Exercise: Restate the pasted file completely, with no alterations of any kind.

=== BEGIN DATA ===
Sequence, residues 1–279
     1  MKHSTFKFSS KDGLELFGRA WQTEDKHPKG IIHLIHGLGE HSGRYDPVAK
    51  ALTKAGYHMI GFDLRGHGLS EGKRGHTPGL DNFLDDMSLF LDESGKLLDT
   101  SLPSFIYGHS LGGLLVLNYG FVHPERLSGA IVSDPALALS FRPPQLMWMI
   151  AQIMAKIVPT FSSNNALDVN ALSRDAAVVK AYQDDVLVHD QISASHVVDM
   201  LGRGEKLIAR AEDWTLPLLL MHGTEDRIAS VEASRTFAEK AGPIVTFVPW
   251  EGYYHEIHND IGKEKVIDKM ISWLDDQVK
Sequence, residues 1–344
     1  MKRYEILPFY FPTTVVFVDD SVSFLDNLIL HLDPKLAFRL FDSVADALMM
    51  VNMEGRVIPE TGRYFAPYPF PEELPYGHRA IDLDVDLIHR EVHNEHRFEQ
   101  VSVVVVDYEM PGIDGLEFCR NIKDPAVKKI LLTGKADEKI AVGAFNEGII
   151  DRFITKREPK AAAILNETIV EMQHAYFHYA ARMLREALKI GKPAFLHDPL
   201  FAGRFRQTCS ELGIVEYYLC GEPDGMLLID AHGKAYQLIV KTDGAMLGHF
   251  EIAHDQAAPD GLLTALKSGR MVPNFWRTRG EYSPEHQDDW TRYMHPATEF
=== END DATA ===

Sequence, residues 1–279
     1  MKHSTFKFSS KDGLELFGRA WQTEDKHPKG IIHLIHGLGE HSGRYDPVAK
    51  ALTKAGYHMI GFDLRGHGLS EGKRGHTPGL DNFLDDMSLF LDESGKLLDT
   101  SLPSFIYGHS LGGLLVLNYG FVHPERLSGA IVSDPALALS FRPPQLMWMI
   151  AQIMAKIVPT FSSNNALDVN ALSRDAAVVK AYQDDVLVHD QISASHVVDM
   201  LGRGEKLIAR AEDWTLPLLL MHGTEDRIAS VEASRTFAEK AGPIVTFVPW
   251  EGYYHEIHND IGKEKVIDKM ISWLDDQVK
Sequence, residues 1–344
     1  MKRYEILPFY FPTTVVFVDD SVSFLDNLIL HLDPKLAFRL FDSVADALMM
    51  VNMEGRVIPE TGRYFAPYPF PEELPYGHRA IDLDVDLIHR EVHNEHRFEQ
   101  VSVVVVDYEM PGIDGLEFCR NIKDPAVKKI LLTGKADEKI AVGAFNEGII
   151  DRFITKREPK AAAILNETIV EMQHAYFHYA ARMLREALKI GKPAFLHDPL
   201  FAGRFRQTCS ELGIVEYYLC GEPDGMLLID AHGKAYQLIV KTDGAMLGHF
   251  EIAHDQAAPD GLLTALKSGR MVPNFWRTRG EYSPEHQDDW TRYMHPATEF